You should always make your podcast about something you have a keen interest in, both for your own and your audiences enjoyment. But it can be daunting to start a podcast without knowing whether anyone will actually listen to it or not. This is why we’re going to give you some tips on how to come up with an idea for a podcast.


On our course Great Radio Presenter, hosted by industry expert Kate Cocker, she mentions a method for generating content for radio presenters to talk about in links called the mad man. Get a piece of paper and a pen, then take 1 or 2 minutes to frantically write down everything that comes to mind when you think about the topic you are focusing your podcast on, even if it seems silly at the time. Then pick a few of those things you’ve written to make episodes from.

Audience Research

The first step would be to ask around your intended target audience. See if they would be interested in a podcast on that topic. Would they listen to it? What kinds of things would they like to hear? Through doing this, you can get a really clear picture of what your audience would enjoy listening to which you can use to influence what content you create and put out. So for example, if the majority of your audience says they’d really like to hear a game show podcast about Marvel or DC, it may not be a wise decision to then create a show giving news style updates on the latest movies. Listening to your audience is one of the most important things you can do.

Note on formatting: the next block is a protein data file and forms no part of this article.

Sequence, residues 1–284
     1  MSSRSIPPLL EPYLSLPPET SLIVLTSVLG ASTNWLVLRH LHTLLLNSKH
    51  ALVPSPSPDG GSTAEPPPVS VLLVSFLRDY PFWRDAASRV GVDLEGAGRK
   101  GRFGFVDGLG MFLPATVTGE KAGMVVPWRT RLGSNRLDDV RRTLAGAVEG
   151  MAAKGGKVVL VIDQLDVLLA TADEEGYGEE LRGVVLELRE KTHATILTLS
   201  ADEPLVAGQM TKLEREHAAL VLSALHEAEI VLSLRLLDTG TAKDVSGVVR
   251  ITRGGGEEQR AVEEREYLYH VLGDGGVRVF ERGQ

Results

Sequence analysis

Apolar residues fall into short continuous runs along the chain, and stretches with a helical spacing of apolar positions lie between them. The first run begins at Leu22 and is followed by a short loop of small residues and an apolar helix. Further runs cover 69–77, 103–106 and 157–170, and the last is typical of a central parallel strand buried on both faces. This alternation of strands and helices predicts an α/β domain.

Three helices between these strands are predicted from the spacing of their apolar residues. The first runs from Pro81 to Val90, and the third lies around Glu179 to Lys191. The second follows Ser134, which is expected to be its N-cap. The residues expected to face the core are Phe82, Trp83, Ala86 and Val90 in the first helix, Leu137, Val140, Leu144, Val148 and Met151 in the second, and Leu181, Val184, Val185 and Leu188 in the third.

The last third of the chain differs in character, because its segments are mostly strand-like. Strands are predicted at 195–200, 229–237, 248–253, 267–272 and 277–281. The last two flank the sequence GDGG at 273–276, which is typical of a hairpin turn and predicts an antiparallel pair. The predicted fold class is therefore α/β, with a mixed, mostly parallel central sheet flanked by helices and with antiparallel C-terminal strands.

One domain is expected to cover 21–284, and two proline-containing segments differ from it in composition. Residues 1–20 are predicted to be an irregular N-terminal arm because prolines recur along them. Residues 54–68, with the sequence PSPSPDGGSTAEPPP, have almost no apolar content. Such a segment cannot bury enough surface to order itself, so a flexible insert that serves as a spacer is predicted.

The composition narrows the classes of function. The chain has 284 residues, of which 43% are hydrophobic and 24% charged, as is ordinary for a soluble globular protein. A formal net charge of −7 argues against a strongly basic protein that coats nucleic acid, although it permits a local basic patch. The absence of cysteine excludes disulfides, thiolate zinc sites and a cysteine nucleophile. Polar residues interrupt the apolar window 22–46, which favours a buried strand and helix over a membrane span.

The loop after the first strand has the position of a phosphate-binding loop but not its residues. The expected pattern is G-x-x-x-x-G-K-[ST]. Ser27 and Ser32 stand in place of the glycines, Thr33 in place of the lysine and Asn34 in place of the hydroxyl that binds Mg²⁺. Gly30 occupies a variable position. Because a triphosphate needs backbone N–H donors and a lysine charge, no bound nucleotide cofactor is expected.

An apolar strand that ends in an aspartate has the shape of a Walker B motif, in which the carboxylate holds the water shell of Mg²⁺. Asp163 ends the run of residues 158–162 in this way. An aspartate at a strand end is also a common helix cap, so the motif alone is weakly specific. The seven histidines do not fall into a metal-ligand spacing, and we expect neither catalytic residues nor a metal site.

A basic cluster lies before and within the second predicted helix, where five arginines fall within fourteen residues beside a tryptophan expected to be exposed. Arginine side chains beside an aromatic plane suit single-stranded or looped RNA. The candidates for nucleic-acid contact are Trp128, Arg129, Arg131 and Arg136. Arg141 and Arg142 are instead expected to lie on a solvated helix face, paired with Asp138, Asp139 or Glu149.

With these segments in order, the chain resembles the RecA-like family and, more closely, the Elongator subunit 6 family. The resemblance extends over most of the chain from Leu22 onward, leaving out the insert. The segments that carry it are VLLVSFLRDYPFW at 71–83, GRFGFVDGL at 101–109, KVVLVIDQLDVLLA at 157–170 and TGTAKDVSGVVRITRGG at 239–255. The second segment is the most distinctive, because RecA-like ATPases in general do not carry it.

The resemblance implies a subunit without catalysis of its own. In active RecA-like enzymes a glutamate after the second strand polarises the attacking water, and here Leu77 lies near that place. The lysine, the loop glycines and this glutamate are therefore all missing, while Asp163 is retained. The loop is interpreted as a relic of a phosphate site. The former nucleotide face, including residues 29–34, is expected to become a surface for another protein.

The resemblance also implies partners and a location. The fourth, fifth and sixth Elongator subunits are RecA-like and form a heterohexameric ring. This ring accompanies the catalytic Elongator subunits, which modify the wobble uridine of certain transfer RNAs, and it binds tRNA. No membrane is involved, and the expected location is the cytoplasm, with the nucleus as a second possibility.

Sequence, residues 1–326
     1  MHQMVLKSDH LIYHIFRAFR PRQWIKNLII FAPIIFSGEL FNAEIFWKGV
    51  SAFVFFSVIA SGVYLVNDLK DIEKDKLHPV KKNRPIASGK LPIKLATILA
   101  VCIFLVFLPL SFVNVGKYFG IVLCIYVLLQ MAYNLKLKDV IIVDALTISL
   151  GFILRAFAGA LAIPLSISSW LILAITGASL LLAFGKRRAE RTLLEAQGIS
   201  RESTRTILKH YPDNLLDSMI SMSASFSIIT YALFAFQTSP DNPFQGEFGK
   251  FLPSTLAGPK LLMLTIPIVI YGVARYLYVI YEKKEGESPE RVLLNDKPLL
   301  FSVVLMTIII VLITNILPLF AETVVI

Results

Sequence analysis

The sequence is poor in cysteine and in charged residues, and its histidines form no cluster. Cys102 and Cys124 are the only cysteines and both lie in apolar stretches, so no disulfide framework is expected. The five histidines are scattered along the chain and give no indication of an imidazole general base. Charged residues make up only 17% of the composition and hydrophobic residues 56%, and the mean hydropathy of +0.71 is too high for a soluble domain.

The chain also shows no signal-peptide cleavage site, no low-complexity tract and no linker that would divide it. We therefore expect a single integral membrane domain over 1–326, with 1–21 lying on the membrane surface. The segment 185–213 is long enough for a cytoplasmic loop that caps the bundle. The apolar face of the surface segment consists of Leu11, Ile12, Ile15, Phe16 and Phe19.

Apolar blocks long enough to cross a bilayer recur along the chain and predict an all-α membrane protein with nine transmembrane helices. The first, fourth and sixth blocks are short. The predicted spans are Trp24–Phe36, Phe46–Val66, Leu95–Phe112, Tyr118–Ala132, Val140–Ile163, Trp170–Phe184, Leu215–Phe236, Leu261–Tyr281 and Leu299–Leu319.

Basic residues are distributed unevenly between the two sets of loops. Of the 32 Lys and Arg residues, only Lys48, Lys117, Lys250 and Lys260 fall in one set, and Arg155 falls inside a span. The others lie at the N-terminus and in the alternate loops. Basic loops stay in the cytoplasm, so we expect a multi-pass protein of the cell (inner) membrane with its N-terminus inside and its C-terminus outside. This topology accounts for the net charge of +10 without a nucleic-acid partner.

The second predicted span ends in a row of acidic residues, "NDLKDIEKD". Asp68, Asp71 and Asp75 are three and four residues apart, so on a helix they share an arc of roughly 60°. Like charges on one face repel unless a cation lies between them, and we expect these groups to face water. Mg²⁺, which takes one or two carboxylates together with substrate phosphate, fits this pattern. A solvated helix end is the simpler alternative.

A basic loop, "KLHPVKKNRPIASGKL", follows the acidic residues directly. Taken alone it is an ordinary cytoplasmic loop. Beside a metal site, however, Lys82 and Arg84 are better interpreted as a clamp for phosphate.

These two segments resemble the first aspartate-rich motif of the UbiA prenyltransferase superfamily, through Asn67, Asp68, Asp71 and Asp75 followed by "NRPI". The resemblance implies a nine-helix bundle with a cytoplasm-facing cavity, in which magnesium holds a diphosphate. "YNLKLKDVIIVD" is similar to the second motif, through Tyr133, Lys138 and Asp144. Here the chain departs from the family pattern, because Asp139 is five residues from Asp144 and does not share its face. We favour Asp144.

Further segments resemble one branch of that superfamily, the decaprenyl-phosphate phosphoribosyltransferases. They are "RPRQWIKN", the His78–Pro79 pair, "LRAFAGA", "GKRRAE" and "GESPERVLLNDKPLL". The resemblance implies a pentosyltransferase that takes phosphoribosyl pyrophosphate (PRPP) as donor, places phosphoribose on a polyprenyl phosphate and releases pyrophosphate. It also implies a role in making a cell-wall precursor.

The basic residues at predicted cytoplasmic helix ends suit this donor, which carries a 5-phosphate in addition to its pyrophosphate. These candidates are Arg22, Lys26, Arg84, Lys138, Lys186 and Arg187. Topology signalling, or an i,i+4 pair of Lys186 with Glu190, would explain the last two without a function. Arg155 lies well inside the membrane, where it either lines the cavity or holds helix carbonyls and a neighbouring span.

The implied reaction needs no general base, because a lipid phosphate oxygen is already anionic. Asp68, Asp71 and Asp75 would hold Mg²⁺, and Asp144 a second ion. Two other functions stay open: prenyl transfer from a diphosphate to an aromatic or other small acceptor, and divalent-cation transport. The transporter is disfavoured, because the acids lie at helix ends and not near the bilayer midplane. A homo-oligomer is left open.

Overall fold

Check Out the Market

Another important step is checking out the already existing podcasts focused on your chosen topic of interest. This is because you will need to see if anyone has already created a podcast like the one you have in mind. If they have, try to think of a way to make yours different so it stands out against the similar ones. If nobody has made anything like what you have in mind, perhaps take a step back and question why. It might well be that nobody has created it because they came up with the idea already, tested it out and it failed. On the other hand, it may just be that nobody has thought of it yet, in which case, lucky you!

Test Runs

A lot of companies creating new products tend to create a budget version of the full product and release that to test how popular it would be as a full product. This is called a ‘Minimum Viable Product’, or an ‘MVP’. Try recording a pilot episode on whatever microphone you have lying around, even a phone, edit that but don’t worry about making it absolutely pristine. 

As long as the content is fantastic as it would be in a fully produced episode, then it’ll work just fine. Release that into the world on a Facebook page or into online communities about your podcast's topic and see how it goes.

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